References Keiko Kasza Author and Illustrator of Children’s Books. Accessed April 14, 2013. http://www.keikokasza.com/index.php Margie Palatini Children’s Author and Illustrator. Accessed April 15, 2013. http://www.margiepalatini.com Award Winning Children’s Author Stephanie Stuve-Bodeen. Accessed April 15, 2013. http://www.rockforadoll.com/ Anne Bingham is the Library Director at University Prep, Seattle. E-mail: abingham@universityprep.org.

VOL 37 NO. 3


Vice President: Sharyn Merrigan

Regions: Events, Highlights and More This year a variety of regional events have been offered around the state. Regional officers have put together many exciting events, and there are more on the horizon. On March 16, many of the regional chairs traveled to the Full Board meeting in Ellensburg, where they shared some of their recent accomplishments. Here is a run-down of the highlights:

Central Region, Co-Chairs Jennifer Novak and Lynne Perednia

Central Region held a social on Friday, March 8, 2013, at the Smith Elementary library in Grandview. Central Region is also going to have a “Step into the 21st Century” program on Saturday, April 20, at the Educational Service District (ESD) in Yakima, which will include an update on e-books for school libraries, social media and this summer’s training.

Columbia Gorge Region, Chair Diana Janzen

Columbia Gorge holds lots of great events, and they all have wonderfully enticing names! The year began with Smokin’ Hot at Barnes and Noble, sharing the hottest new titles and creative ways to book talk. APP eHour took place later in the year with no lectures, just hands-on iPod activities followed by happ-E-hour. In February, published authors shared their books at school presentation offerings at the Camas Public Library. Upcoming events include “Let the Good Times Roll!” (so intriguing!) and “No Buns Allowed” to pin up the school year. The fun never stops in the Columbia Gorge! Diana Janzen is retiring at the end of this school year and is seeking new officers for the region. This is a great opportunity to become involved in Washington Library Media Association (WLMA), to develop professional contacts, and to have fun with your regional colleagues.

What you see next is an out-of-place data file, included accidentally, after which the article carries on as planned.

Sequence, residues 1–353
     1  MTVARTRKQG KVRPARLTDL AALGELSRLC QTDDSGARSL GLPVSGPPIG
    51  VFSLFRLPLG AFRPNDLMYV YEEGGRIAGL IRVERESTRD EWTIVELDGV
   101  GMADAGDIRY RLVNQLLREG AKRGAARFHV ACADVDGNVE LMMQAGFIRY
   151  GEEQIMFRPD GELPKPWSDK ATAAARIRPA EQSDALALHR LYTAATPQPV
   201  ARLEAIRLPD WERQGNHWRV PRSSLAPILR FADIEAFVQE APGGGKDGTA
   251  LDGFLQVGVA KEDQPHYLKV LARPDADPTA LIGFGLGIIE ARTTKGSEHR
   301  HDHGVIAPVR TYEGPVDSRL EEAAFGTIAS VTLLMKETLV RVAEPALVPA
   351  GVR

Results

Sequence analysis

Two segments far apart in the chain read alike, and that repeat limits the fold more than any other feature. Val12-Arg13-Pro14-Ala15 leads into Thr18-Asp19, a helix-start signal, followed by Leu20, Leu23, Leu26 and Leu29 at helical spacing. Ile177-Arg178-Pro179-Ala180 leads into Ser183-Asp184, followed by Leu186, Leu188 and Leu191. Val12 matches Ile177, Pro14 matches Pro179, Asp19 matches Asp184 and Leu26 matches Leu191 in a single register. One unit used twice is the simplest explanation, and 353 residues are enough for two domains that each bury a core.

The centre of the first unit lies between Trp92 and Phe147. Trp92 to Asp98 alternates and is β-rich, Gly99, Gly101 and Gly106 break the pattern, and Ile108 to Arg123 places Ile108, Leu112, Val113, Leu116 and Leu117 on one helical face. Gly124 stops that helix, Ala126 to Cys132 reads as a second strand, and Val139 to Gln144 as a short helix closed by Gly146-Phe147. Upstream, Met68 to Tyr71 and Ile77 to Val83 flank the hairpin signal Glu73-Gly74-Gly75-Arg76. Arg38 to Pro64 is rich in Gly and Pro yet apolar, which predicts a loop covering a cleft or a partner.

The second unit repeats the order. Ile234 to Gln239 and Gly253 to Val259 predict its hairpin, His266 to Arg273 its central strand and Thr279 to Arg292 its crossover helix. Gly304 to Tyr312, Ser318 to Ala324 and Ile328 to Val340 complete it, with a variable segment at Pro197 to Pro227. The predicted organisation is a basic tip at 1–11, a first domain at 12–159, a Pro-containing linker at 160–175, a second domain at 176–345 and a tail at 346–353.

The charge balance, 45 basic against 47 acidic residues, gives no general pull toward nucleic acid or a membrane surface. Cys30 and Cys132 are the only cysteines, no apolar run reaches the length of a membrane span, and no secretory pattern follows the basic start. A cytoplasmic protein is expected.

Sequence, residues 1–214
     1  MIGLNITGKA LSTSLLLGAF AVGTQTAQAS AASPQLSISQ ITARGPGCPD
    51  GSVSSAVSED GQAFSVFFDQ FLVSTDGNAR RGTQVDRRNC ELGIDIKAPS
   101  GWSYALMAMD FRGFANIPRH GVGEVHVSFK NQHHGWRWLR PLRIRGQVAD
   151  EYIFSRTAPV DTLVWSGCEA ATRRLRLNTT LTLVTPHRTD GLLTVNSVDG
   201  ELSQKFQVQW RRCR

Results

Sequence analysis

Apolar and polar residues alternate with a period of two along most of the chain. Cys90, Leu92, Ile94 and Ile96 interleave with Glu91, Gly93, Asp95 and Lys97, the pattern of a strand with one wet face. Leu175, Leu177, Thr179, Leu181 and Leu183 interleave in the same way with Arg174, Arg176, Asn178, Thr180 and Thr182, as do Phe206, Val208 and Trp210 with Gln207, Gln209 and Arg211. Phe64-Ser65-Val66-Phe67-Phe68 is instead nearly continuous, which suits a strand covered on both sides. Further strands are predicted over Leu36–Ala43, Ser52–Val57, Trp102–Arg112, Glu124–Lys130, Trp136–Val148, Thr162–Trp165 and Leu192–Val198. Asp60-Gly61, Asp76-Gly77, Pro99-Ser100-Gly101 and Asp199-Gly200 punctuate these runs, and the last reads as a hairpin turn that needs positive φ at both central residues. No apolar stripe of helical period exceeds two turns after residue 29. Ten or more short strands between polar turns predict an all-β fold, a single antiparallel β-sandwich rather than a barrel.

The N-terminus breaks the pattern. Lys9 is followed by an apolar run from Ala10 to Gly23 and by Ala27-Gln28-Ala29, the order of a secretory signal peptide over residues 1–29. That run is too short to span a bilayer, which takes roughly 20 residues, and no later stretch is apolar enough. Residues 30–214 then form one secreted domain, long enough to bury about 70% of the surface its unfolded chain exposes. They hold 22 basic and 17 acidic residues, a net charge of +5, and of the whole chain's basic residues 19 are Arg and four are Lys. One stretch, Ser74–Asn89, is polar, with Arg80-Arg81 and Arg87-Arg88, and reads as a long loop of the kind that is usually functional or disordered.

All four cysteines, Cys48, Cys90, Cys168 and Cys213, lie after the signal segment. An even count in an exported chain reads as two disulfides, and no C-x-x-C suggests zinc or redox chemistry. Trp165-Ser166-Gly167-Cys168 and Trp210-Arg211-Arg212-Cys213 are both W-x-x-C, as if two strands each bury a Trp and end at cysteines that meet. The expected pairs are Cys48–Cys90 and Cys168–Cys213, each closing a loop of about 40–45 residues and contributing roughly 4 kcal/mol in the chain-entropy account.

Crossroads Region, Chair Lisa Gallinatti

Crossroads Region has been a busy place to be and has increased its membership by fifty percent! Regional members donated a “Wine, Chocolate, and Books” basket of goodies to be auctioned off at the 2012 WLMA conference. A fall gathering in Burien found Lisa Gallinatti teaching about using primary sources from the Library of Congress in our teaching. There was also a discussion about teacher workshops in the area that can benefit librarians as they collaborate with content-area teachers. At a winter gathering at The Spaghetti Factory in Tukwila, members contributed to a list of five favorite reads from 2012 and shared those with the group. A book exchange also took place. SPRING 2013

Lower Columbia Region, Chair Lisa Block

Lower Columbia continues to take advantage of the times when the Book Review Council meets to conduct regional business and encourage collegiality. Schedules and travel are increasingly a challenge for regional meetings, so capturing the critical mass of teacher-librarians for other events can be a great strategy for regions.

Mt. and Isle Region, Chair Tracy Shaw